I wish you a Merry Christmas… I wish you a Merry Christmas… I wish you a Merry Christmas…
I love this time of year… when we actually have cooler weather here in Mumbai, and when we get the most amazing array of fruits… And then it’s Christmas, and Christmas makes me think of figgy puddings and what else, but… Figs!
I bought a dozen or so of them the other day and since then I’ve been dreaming up a bunch of ways in which to use them… tarts, pies… you name it.
Christmas is also family time and time to get together with loved ones, friends and family… taking the time out to catch up and chat and exchange hugs and love. So yeah, my brother is in town and I wanted to bake him some bread to go with a fig preserve that I planned to make for him, because he just loves preserves and jams.
And then halfway through proving the dough for the Honey Rye Bread I had a flash of genius. Why not use the same dough as the Rye Bread along with the fig preserve… something that bordered on sweet and savoury. Now that would be a real treat for someone with a craving for something sweet but healthy… wouldn’t it?
The fig preserve is fairly simple to make and quite quick. I didn’t want to pulp the fruit completely or strain it… after all it isn’t a fig without all those little seeds now is it? So I let it be as is… using ripe figs, chopping them up into a small dice, then mixing the rest of the ingredients with the fruit, and letting it all stand for about 4 hours to let the flavours meld, before cooking the macerated fruit for 50 minutes to an hour on a very slow flame, stirring occasionally. Then taking the preserve off the flame and allowing it to cool completely before using.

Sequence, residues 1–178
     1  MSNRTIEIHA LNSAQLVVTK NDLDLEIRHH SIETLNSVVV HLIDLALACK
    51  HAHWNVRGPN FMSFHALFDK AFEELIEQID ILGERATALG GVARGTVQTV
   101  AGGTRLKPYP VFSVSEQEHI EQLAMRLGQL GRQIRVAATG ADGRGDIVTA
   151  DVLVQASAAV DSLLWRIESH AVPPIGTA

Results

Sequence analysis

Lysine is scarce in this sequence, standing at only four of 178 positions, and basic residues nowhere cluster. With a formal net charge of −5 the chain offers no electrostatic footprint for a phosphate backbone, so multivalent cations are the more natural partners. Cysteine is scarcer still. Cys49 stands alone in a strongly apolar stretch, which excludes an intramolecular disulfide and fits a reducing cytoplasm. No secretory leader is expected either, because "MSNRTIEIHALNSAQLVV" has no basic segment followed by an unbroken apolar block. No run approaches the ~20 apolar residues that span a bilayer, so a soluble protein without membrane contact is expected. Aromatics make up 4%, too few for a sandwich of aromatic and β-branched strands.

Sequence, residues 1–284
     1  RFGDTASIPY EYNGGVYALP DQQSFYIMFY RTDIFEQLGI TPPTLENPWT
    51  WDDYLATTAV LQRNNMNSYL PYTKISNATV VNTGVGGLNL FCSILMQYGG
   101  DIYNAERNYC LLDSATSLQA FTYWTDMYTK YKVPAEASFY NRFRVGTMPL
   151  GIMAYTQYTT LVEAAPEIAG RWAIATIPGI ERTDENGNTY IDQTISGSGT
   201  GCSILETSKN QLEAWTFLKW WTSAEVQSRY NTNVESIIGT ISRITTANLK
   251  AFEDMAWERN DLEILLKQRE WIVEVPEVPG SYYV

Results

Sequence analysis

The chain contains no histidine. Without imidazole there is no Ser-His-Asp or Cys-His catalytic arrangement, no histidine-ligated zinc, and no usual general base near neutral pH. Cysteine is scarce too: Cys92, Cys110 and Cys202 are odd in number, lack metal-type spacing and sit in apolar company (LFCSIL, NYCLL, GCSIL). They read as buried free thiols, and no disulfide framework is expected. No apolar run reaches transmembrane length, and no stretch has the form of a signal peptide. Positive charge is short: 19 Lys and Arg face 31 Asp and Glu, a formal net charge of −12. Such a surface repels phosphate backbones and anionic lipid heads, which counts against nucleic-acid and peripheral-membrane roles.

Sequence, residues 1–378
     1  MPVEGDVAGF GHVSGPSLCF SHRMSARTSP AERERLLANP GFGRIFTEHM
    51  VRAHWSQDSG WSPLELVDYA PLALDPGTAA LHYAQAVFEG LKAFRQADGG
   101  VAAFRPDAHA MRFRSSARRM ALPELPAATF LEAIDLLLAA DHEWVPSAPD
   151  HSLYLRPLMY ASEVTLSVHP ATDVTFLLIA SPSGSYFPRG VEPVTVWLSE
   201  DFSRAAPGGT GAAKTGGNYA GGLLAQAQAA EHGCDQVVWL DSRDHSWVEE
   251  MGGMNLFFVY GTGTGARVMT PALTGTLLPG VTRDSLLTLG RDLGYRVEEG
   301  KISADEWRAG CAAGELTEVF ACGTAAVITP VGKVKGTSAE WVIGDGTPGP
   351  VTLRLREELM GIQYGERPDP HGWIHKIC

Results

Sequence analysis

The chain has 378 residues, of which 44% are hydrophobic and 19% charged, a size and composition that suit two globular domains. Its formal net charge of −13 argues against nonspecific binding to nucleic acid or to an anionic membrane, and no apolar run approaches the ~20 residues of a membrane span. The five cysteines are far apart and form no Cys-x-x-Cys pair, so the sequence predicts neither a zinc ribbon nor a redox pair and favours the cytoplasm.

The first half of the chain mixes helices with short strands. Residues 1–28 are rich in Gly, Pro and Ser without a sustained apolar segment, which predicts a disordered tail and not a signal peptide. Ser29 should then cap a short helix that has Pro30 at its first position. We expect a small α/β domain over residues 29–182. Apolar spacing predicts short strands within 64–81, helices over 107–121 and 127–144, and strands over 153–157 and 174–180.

6 large figs – chopped
4 tablespoons powdered sugar (you can use more sugar if you like it sweeter… I don’t)
1 tablespoon balsamic vinegar
1/4 cup port wine ( a little extra if required)
Pinch of cinnamon powder
Large pinch of paprika
1 tablespoon rosemary – chopped
Pinch of salt
Zest of 1 lime
Juice of ½ lime
On to forming the rolls…
Since I was using the same dough for the Honey Rye Bread, I simply divided the dough into two portions and rolled it out on a lightly floured surface to a quarter of an inch thick.
Then spread on the preserve. I used a fairly thick spread (but you could spread it thinner), and rolled up the dough, constantly dusting the edge being rolled in with a sprinkling of flour till the entire dough was rolled up.
Remove the trays from the oven and transfer the rolls onto a wire rack to cool.